Home > Astronomical History, Ephemeris Program > 06/11/2019 – Ephemeris – The crater Copernicus on the Moon

06/11/2019 – Ephemeris – The crater Copernicus on the Moon

June 11, 2019

Ephemeris for Tuesday, June 11th. Today the Sun will be up for 15 hours and 31 minutes, setting at 9:28, and it will rise tomorrow at 5:56. The Moon, 1 day past first quarter, will set at 3:26 tomorrow morning.

Tonight, visible on the waxing gibbous Moon in binoculars or a small telescope the terminator, the sunrise line crosses the prominent crater Copernicus. This crater is nearly half way from the top to the bottom of the Moon. It is 56 miles (93 km) in diameter and 2 miles (3.5 k m) deep. The low Sun angle accentuates the depth of the crater. As large craters goes, Copernicus is rather new, being somewhat younger than 1.1 billion years old, a quarter of the Moon’s age. A dramatic image taken by the Lunar Orbiter spacecraft in 1966, in preparation for the Apollo lunar landings of an oblique view of the crater peeking over a crater wall was, at that time, dubbed the Picture of the Century”.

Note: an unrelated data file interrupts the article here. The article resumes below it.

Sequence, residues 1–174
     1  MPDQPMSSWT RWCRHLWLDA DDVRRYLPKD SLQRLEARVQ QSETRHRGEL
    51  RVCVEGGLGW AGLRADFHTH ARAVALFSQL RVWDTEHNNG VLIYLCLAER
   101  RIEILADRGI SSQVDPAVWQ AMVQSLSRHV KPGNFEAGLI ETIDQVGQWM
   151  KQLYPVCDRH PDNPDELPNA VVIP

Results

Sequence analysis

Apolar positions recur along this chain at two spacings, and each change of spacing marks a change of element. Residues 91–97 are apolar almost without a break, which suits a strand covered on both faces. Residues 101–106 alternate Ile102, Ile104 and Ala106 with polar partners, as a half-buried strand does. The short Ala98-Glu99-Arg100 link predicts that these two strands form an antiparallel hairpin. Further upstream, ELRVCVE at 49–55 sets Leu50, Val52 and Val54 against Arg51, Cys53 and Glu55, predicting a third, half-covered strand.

The times given are for the Traverse City/Interlochen area of Michigan. They may be different for your location.

Addendum

Binocular Moon

The Moon tonight, June 11, 2019 showing the crater Copernicus. Created using Virtual Moon Atlas.

Closeup of Copernicus

Closeup of Copernicus with the small double crater Fauth south of it. Created using Virtual Moon Atlas.

Picture of the Century

Picture of the Century taken by the lunar Orbiter 2. Copernicus in an oblique photo from the south. Not the double crater Fauth at the bottom of the Image. Credit: NASA/Lunar Orbiter Image Recovery Project (LOIRP).

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